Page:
Hey Willie, I'm afraid that whilst you are correct in saying that at a low PH inhibits bacteria, bacteria does not effect the growth rates of fish. This idea is purely folklore based on speculation, there is no science behind it whatsoever. You said that discus "cannot tolerate bioload", Bioload? As in, dissolved organics right. Also you say "All the fancy filters in the world will not affect bacterial count" this is not at all true. Their are many filtration methods that are effectively at drastically reducing bacteria count. For a start, bacteria feed off doc's, so by reducing doc's you make a significant impact on bacterial population. Basically, keep your tank clean, and you will have a reduced bacterial population. Their are UV sterilizers, and they are effective against some but not all bacteria. the reason for this is that some species of bacteria multiply too fast for the UV sterilizer to keep up with it. The single best method to reduce bacteria is to reduce the dissolved organic carbons. If you take away their food supply, they cant multiply anymore. Also you say that filters support bacterial populations, this is not accurate. Many actually reduce bacteria populations, such as protien skimmers. Also, the filters that do operate via nitrification grow beneficial strains of bacteria that are not waterborne and not harmful to your fish.

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    Moderator Team Adam S's Avatar
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    Default Re: Lets talk about water quality and waterchanges!

    Quote Originally Posted by zhuls1 View Post
    The problem is if you do infrequent water change it will break down in your aquarium and than you will have lots of small bits floating around, which is why its important to remove waste from the tank as soon as possible. If you are changing your filter socks daily, you are preventing from breaking down in the first place. this is why when people who do like a water change a month change the filter socks daily often see reductions of over 50% nitrate levels. As i said all about nutrient export. Removing waste BEFORE it breaks down.
    If the filtration is already blowing bits around then sure, a filter sock would be appropriate. With simple air-driven sponges, I maintain that leaving the waste on the bottom is safer. I'd much rather have elevated nitrates than abundant free floating bacteria.
    I gush about these a lot, but mattenfilters solve most problems with mechanical filtration. Virtually zero maintenance, highly effective particle trap and they develop the anoxic bacteria people seem to love nowadays.

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    Default Re: Lets talk about water quality and waterchanges!

    I have done many different types of fish. Arowana, Plecos, catfish, Wild Discus, Domestic discus...etc..etc.

    Discus is the only fish that has this attached to it, "So where is the butcher, so I can get beef heart". I have seen people buy discus and then make their way to try and find beef heart right after (which is not that easy to find). Its automatic. I am going to get shot down by some for saying it, but its true. Arowana people don't go buy beef heart, nor do people that buy large predatory fish. Who buys some pirhanna, and then says lets feed beef heart or steak! Yet discus has this beef heart thing to them, feed them allot myth to them. Discus are some of the most adaptable fish I have ever had. They eat everything. You could throw hot dogs and they would eat it I bet.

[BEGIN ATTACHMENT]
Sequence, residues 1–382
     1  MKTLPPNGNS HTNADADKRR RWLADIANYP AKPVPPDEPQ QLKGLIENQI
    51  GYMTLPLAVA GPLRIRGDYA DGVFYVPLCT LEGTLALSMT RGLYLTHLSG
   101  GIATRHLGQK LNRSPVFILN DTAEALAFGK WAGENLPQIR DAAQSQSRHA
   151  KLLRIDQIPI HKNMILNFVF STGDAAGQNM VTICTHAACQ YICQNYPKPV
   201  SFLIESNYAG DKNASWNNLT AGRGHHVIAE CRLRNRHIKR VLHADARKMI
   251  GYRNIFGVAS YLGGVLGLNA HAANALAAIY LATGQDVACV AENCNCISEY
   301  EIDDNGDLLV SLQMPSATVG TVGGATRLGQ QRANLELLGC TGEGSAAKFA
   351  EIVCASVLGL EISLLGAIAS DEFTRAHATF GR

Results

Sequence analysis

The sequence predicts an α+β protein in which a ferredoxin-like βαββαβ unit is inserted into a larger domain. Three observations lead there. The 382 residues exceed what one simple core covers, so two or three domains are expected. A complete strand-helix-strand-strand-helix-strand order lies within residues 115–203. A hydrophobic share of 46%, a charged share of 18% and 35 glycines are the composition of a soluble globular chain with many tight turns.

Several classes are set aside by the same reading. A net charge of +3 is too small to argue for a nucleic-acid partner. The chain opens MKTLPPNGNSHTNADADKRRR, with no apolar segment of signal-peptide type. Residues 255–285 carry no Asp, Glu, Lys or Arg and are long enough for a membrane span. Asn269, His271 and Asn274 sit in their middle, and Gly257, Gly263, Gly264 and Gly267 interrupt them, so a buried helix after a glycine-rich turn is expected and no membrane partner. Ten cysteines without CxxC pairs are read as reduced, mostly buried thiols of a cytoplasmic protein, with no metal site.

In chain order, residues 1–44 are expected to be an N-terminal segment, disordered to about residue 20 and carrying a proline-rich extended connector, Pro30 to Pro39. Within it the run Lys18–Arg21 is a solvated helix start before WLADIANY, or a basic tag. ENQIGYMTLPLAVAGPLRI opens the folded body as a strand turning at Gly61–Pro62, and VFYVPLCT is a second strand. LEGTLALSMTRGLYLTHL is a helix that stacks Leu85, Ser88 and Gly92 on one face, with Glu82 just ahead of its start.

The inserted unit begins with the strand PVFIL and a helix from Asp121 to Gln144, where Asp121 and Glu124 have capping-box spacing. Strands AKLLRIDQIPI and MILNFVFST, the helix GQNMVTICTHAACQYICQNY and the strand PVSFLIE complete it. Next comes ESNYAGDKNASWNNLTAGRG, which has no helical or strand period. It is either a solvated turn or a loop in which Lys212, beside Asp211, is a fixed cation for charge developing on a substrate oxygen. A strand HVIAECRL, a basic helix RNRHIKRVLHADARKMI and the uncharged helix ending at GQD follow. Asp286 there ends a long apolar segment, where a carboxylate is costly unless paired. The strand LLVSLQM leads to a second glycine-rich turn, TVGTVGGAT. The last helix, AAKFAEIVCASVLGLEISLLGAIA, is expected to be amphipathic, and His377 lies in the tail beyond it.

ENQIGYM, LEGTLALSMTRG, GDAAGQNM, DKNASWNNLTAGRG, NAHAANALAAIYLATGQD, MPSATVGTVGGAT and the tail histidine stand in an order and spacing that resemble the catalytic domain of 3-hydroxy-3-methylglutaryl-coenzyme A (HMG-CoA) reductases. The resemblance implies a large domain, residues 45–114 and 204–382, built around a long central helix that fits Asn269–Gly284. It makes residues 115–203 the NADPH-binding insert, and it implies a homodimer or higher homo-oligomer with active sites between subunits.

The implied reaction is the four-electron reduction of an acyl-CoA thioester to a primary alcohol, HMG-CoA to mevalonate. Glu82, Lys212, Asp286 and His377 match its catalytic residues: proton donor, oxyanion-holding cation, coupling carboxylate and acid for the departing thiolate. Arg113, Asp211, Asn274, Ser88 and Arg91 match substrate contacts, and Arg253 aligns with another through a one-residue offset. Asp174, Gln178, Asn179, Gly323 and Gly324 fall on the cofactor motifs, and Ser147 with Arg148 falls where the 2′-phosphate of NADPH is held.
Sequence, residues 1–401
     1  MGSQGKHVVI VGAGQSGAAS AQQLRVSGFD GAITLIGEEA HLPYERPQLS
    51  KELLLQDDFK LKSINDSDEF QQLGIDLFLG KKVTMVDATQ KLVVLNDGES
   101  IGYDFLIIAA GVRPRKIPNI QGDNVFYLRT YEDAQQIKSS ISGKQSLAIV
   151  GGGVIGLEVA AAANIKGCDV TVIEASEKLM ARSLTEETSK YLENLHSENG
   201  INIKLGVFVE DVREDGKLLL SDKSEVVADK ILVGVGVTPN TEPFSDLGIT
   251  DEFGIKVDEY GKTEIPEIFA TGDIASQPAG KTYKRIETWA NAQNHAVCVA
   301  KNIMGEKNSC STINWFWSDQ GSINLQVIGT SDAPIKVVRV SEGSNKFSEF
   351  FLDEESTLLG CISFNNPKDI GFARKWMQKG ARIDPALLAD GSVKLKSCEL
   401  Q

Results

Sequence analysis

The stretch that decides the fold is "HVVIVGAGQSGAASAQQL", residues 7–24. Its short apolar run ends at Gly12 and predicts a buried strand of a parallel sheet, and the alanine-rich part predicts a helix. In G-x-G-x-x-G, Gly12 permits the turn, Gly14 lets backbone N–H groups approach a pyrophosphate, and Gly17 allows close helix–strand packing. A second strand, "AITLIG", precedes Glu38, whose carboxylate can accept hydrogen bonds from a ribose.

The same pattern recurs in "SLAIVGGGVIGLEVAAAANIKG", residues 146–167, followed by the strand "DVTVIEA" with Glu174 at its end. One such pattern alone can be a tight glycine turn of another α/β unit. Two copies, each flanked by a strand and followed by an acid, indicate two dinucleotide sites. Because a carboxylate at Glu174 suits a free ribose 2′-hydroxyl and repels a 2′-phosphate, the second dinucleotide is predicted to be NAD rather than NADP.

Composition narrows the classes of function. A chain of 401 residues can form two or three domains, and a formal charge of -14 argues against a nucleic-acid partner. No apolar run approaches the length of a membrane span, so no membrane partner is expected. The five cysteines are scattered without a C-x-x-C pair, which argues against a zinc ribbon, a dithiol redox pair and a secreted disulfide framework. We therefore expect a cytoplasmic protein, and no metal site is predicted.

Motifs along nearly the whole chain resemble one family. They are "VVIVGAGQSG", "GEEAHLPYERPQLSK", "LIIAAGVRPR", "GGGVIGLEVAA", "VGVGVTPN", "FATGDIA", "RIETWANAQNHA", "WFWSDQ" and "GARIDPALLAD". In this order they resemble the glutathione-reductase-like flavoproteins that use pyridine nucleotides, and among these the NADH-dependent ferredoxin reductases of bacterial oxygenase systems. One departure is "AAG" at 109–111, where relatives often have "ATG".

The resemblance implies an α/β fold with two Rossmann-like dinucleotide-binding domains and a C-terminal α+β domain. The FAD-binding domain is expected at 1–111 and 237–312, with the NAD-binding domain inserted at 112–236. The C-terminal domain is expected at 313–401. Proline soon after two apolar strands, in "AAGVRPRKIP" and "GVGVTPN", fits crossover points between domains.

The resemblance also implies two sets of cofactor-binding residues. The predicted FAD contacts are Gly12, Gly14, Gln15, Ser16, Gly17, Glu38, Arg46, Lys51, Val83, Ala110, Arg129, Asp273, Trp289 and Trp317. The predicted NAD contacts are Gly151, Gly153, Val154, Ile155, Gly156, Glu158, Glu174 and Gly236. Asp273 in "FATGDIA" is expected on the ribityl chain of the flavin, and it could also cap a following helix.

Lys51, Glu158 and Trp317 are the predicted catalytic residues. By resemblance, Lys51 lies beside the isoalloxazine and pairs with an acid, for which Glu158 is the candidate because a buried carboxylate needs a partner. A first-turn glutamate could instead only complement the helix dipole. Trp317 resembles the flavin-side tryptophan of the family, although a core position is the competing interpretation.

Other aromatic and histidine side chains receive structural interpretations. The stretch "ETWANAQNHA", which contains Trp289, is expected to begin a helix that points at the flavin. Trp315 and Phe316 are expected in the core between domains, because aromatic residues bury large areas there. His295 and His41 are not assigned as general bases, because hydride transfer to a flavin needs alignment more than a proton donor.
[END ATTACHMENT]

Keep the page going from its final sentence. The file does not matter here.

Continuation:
The reason I think there is this thought you need to do allot of water changes...well, back in the day lets say in the 1970s/80s when people started creating domesticated discus and feeding beef heart..well, guess what happened? Their water got funky fast. Really fast. Especially since they were probably throwing down food 3-4 times a day. Maybe even more. These guys like Jack Wattley were the fathers of making discus a major hobby, and then this rep just kept on going and going. So the WC thing got big. I know a guy who does WC 2-3 times a day! and yet feeds BF 3-4 times a day! - there is a connection...

    But let me make this clear, if you want to feed beef heart. Cool. Its your fish to enjoy and if you don't mind doing WC, go for it. Whatever works for you.

    I have had discus for years, I do WC maybe once a week. I don't do beef heart. I usually make a seafood mix, feed that once a while...and just feed NLS bits or Tropical discus dry food. I feed 2x a day. You can even cut it down to 1x when they are larger. Its more healthy for the fish I find. Its fine, they don't die. They can go without food for weeks.

    Anyways, please don't shoot me about the BF comments.

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    Default Re: Lets talk about water quality and waterchanges!

    I change water to reduce bacteria, protozoa, and nitrate... in about that order of importance. If you gave me a magic wand that when I waved it at the tanks all the nitrate disappeared, I would be glad to have it but I would probably change the same amount of water. Although nitrate is toxic, I see it more as a useful indicator of overall water quality than as a distinct toxin.

    I don't think bacteria have to be directly pathogenic or infectious to be harmful. My sense is that the immune system is harassed by bacteria that fish like discus have not been exposed to in their evolutionary history, and over time heavy bacterial loads break down their health. The only bacteria I want in the tank are the aerobic nitrifiers in the biofilter.